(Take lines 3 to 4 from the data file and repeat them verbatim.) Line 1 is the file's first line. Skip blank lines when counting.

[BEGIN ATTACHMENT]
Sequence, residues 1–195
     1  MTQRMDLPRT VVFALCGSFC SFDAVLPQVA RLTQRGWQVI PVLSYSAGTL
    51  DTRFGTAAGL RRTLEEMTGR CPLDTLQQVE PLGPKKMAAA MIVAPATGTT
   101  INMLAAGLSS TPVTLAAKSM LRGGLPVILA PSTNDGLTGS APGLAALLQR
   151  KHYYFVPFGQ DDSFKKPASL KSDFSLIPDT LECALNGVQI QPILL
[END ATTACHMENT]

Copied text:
    51  DTRFGTAAGL RRTLEEMTGR CPLDTLQQVE PLGPKKMAAA MIVAPATGTT
   101  INMLAAGLSS TPVTLAAKSM LRGGLPVILA PSTNDGLTGS APGLAALLQR